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blackheart malleable iron

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Series: ASM Handbook
Volume: 1A
Publisher: ASM International
Published: 31 August 2017
DOI: 10.31399/asm.hb.v01a.a0006347
EISBN: 978-1-62708-179-5
...Abstract Abstract Malleable iron, like ductile iron, possesses considerable ductility and toughness because of its combination of nodular graphite and low-carbon metallic matrix. There are two basic types of malleable iron: blackheart and whiteheart. This article focuses on the blackheart...
Book Chapter

Series: ASM Handbook
Volume: 1
Publisher: ASM International
Published: 01 January 1990
DOI: 10.31399/asm.hb.v01.a0001005
EISBN: 978-1-62708-161-0
... iron: blackheart and whiteheart. This article considers only the blackheart type and describes the metallurgical factors of malleable iron. It discusses the mechanical properties of pearlitic and martensitic malleable irons. The article provides additional information on the properties and heat...
Series: ASM Handbook
Volume: 1A
Publisher: ASM International
Published: 31 August 2017
DOI: 10.31399/asm.hb.v01a.a0006309
EISBN: 978-1-62708-179-5
... to produce temper carbon involves heating a white cast iron for an extended period of time (up to about 60 h) at a temperature of 960 °C (1760 °F). Most of the malleable iron that is produced by this technique is called blackheart malleable iron, while some malleable iron (called whiteheart malleable iron...
Series: ASM Handbook
Volume: 4D
Publisher: ASM International
Published: 01 October 2014
DOI: 10.31399/asm.hb.v04d.a0005969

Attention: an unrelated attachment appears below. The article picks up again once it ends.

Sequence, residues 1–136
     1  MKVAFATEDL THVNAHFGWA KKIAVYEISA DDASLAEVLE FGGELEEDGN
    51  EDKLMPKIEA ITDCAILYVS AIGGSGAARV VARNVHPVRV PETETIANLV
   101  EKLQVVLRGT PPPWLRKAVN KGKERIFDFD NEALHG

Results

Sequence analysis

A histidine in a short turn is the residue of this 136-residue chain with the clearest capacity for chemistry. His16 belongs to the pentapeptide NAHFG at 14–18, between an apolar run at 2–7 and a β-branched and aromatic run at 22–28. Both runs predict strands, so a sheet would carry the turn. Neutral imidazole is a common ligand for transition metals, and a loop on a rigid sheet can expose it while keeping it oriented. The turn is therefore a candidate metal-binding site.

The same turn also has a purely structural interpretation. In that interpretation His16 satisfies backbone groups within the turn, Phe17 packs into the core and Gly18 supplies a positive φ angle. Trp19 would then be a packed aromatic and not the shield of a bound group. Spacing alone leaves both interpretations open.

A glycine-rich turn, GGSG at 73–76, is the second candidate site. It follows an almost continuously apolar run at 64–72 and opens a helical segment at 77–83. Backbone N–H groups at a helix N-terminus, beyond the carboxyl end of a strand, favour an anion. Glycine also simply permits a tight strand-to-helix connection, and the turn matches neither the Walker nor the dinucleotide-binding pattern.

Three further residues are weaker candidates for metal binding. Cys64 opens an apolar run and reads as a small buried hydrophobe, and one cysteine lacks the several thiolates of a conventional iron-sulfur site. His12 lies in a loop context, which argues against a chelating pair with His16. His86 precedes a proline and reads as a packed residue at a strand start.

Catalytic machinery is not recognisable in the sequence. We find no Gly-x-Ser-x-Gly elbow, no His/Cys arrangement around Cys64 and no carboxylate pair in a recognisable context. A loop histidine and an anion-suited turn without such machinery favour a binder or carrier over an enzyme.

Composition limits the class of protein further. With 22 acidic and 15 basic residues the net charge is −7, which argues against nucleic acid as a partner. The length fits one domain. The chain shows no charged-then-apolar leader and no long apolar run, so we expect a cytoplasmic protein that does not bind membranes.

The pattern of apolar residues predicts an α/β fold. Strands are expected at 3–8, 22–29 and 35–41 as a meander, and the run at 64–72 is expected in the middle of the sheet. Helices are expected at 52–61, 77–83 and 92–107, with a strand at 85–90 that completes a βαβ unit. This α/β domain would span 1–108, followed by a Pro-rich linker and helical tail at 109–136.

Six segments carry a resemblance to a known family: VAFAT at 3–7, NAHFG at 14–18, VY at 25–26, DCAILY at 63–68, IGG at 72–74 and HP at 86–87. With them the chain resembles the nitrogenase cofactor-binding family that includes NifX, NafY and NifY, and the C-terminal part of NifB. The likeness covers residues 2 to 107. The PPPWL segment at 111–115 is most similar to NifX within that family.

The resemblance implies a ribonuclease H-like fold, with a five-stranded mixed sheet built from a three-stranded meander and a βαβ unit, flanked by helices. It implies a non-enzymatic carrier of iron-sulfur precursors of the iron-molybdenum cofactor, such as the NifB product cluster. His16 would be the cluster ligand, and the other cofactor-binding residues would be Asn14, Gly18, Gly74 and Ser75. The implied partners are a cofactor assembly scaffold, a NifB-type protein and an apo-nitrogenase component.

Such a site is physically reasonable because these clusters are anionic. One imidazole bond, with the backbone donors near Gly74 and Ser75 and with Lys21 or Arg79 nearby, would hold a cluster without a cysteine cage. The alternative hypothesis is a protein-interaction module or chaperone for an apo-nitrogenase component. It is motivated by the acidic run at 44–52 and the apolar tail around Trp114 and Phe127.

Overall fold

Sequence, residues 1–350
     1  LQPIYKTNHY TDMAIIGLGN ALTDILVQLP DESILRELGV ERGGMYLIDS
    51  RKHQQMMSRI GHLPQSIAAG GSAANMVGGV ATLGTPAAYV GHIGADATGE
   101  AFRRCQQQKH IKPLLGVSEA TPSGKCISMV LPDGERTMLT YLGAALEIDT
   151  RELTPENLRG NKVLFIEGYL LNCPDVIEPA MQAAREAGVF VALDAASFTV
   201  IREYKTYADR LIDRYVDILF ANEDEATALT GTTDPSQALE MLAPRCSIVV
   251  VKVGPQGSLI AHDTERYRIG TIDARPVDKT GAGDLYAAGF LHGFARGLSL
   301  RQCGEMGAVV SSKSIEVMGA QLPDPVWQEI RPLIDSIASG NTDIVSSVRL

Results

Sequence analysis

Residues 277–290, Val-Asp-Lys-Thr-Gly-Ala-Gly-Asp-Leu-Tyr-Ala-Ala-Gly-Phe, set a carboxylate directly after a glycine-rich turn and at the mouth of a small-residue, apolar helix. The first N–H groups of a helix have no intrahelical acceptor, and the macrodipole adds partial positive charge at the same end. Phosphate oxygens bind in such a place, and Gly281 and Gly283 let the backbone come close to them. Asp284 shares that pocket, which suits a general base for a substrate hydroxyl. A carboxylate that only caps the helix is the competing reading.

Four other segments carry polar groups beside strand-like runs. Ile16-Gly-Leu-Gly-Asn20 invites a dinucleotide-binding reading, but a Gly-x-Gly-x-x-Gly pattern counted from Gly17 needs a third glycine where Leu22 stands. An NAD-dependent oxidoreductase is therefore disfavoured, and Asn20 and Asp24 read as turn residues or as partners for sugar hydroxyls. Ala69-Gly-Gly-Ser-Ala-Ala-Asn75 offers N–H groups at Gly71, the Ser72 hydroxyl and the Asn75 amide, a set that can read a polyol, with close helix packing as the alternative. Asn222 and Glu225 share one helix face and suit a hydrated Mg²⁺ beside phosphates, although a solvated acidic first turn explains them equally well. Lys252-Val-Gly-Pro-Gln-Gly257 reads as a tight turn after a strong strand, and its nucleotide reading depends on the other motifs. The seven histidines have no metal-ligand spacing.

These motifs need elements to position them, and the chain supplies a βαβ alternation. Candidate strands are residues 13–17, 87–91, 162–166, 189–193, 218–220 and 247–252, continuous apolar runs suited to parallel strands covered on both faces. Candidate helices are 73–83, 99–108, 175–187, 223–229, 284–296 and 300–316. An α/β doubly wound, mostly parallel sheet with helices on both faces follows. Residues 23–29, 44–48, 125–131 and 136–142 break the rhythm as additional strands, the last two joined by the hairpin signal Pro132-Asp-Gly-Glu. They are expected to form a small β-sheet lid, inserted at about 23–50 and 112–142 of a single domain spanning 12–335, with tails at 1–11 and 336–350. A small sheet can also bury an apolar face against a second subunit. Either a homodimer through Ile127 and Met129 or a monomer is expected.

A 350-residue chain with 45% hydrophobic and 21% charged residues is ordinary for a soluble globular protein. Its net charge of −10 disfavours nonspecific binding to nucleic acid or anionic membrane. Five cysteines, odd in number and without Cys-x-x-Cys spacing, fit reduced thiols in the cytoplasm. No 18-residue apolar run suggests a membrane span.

EISBN: 978-1-62708-168-9
... (depending on the cooling rate after annealing).The temper carbon is not truly spherical (as in ductile iron) but consists of irregularly shaped aggregates ( Fig. 1 ). Most of the malleable iron is produced by this technique and is called blackheart malleable iron, while some malleable iron (called white...
Series: ASM Handbook
Volume: 1
Publisher: ASM International
Published: 01 January 1990
DOI: 10.31399/asm.hb.v01.a0009206
EISBN: 978-1-62708-161-0
... in the decomposition of Fe3C and the formation of temper graphite. The basic solid state reaction is: (Eq 7) Fe 3 C → Austenite + Gr Most of the malleable iron is produced by this technique and is called blackheart malleable iron. The final microstructure consists of graphite in a matrix...
Book Chapter

Series: ASM Desk Editions
Publisher: ASM International
Published: 01 December 1998
DOI: 10.31399/asm.hb.mhde2.a0003110
EISBN: 978-1-62708-199-3
..., pearlitic malleable, and martensitic malleable irons. There are two types of ferritic malleable iron, “blackheart,” and “whiteheart.” Only the blackheart type is produced in the United States. This material has a matrix of ferrite with interspersed nodules of temper carbon. “Cupola malleable iron...
Series: ASM Handbook
Volume: 1A
Publisher: ASM International
Published: 31 August 2017
DOI: 10.31399/asm.hb.v01a.a0006294
EISBN: 978-1-62708-179-5
..., including chemical composition, cooling rate, and heat treatment. The article describes some basic principles of cast iron metallurgy. It discusses the main effects of the chemical composition of ductile iron and compacted graphite (CG) iron. The composition of malleable irons must be selected in such a way...
Series: ASM Handbook
Volume: 19
Publisher: ASM International
Published: 01 January 1996
DOI: 10.31399/asm.hb.v19.a0002399
EISBN: 978-1-62708-193-1
...Abstract Abstract This article discusses the fatigue and fracture behavior of various types of cast iron, such as gray iron, ductile iron, malleable iron, compacted graphite iron, and white iron, as a function of chemical composition, matrix microstructure, and graphite morphology. cast...
Series: ASM Handbook
Volume: 1A
Publisher: ASM International
Published: 31 August 2017
DOI: 10.31399/asm.hb.v01a.a0006333
EISBN: 978-1-62708-179-5